Learn From the Experts
Our expert editorial board consists of psychiatrists from around the world who are respected and recognized researchers and clinicians.
These webinars will teach research methods and statistical concepts for clinicians to be able to better understand and interpret clinical trials of medications and other treatments in psychiatry.
History & Concepts of Psychiatry
This course will review the evolution of beliefs regarding mental illnesses and their treatments, beginning in ancient Greece and moving forward into the 19th and 20th centuries. Focus will be put on central figures or ideas that have persisted to the present day.
Receive 10 hours of CME or CEU credits for 10 one hour lectures. Physicians, Registered Nurses, Nurse Practitioners and Physician Assistants can accept AMA PRA Category 1 Credits. Psychologists can receive credits in most states also (check with your state board).
The practice gap that is being addressed is that psychiatric practitioners often do not have extensive knowledge about the scientific or conceptual basis of the most common psychiatric diagnoses. This limited knowledge leads to notable misdiagnosis rates or to misuse of diagnoses.
I just wanted to take a moment to express my heartfelt gratitude for your online course on Psychopharmacology and Advanced Diagnosis. Your expertise, insights, and teaching style are inspiring and have left a profound impact on me.
The emphasis on the limitations of the DSM, hierarchies of diagnosis, and affective illnesses have been substantial for me in my medical practice. Patients are living better, using correct medication, after years on unnecessary monoamine agonists. The concepts of temperaments are a game changer.
I have already recommended your course to my colleagues, and I plan to purchase your lectures on the History of Psychiatry soon.
I use and reference your books with patients and students frequently. I really look forward to the classes and have been grateful for the impact you’ve had on my thinking and my practice with patients.
I used your textbook for our Psychiatric Mental Health Nurse Practitioner students last summer for their Psychopharmacology course. They really enjoyed your book and found the material accessible and relatable.
What is bipolar depression? What is melancholia?
MDI means bipolar illness plus unipolar depression. Unipolar depression does not mean non-bipolar depression, because there are other depressive conditions that are neither unipolar nor bipolar, meaning they are not part of MDI. MDI is a disease of severe mood episodes that being early in life. Another depression is mild and chronic (not severe and episodic), called neurotic depression. Another depression is severe and chronic and late in age of onset, called in the past “involutional melancholia.” That’s the difference between melancholia as part of bipolar or unipolar depression (MDI), and involutional melancholia. Melancholia as part of MDI is episodic – it has episodes that come and go and last about 3-6 months. Melancholia as part of chronic involutional melancholia is chronic – it has no end; once it begins later in life, it is present all the time. So the difference is in the course, not the symptoms.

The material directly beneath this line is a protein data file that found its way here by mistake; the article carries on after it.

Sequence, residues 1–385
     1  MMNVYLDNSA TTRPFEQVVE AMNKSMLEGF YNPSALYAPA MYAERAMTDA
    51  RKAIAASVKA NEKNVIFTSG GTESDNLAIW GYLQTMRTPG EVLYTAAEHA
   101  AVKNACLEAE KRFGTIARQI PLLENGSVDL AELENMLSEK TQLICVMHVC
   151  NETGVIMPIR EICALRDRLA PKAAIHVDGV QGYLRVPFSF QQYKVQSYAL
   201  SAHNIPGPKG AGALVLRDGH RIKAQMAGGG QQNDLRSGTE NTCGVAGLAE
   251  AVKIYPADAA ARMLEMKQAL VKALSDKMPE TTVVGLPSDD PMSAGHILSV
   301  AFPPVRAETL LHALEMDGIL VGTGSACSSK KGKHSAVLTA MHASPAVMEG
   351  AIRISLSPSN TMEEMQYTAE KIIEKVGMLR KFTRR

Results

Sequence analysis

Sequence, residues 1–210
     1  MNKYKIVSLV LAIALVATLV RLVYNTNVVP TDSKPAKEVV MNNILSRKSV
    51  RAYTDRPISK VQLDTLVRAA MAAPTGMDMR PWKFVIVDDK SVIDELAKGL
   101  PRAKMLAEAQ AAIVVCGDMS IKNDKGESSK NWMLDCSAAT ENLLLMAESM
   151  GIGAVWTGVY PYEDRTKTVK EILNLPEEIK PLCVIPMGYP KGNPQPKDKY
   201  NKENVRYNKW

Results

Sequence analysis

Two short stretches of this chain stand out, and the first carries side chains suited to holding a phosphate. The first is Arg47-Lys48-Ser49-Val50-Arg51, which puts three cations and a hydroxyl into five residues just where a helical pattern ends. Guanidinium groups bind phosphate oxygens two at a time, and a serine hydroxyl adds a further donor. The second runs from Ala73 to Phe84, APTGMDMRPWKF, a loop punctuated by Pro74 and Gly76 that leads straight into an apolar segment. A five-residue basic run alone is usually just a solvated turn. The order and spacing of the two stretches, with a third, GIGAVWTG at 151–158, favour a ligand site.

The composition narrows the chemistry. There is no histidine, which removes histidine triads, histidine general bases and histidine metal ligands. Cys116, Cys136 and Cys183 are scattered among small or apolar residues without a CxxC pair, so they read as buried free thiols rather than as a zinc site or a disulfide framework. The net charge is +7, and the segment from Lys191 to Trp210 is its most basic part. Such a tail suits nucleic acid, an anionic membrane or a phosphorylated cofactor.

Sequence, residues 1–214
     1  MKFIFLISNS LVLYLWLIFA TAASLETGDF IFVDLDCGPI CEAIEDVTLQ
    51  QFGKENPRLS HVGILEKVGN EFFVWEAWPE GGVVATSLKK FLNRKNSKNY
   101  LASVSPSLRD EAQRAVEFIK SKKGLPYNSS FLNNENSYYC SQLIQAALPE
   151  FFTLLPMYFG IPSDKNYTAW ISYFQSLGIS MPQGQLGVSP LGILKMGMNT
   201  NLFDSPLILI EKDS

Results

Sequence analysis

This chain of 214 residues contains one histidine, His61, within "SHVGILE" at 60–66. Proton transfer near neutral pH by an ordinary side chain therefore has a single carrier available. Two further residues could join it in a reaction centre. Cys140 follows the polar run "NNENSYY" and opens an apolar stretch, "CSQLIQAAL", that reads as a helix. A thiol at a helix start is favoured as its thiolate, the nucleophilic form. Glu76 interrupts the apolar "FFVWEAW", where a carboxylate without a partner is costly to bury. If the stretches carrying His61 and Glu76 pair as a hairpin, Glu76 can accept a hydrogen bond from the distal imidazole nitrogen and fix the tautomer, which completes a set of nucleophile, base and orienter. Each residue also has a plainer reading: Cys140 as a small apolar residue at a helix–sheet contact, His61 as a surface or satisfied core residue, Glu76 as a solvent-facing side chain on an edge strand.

“Bipolar depression” is as false as “major depressive disorder”: it has no meaning by itself, but rather consists of melancholic depressive episodes, or mixed depressive episodes, or pure depressive episodes. So it is melancholia if it meets melancholia definitions, which includes but is not limited solely to psychomotor retardation (also anhedonia and lack of mood reactivity).
How do you treat melancholic depression?
Kraepelin used the phrase “involutional melancholia” to describe middle age and later onset severe depression. It was chronic in its course, ie, it didn’t come and go, it just stayed. Our view is that it likely reflects what now is called vascular depression, which has middle and later onset and is chronic. The “melancholic” features are not central in our view of that condition, and in Kraepelin’s era, all depression was melancholic because otherwise, it didn’t lead to hospitalization, which is where Kraepelin saw his patients.
Regarding the treatment of melancholia with “activating” agents like venlafaxine or duloxetine, you may be right, but the proof is greater for older tricyclic antidepressants. Why not just use them? Venlafaxine has major cardiac risks if that’s a reason to avoid TCAs. Further, the efficacy is short-term. Long-term use of venlafaxine or duloxetine for melancholia may not be necessary if the melancholia is episodic, as opposed to chronic. In that case, when the episode resolves, the antidepressants can be stopped and long-term prevention of episodes can occur with standard-dose, not low-dose, lithium, or possibly other mood stabilizers.
Of course, ECT is the most effective treatment for melancholia, although again short-term for the actual episode, not long-term for prevention, which is disproven.
What is a disease-modifying drug?
Clinically, DM means altering the course of the illness, and especially improving morbidity and mortality, not just improving symptoms.
About two decades ago, Frederick Goodwin and I linked the available literature on second messengers to the concept of long-term course benefits. We didn’t know think of the concept of disease modification versus symptomatic effects at that time in an explicit way, but we had a similar idea in mind.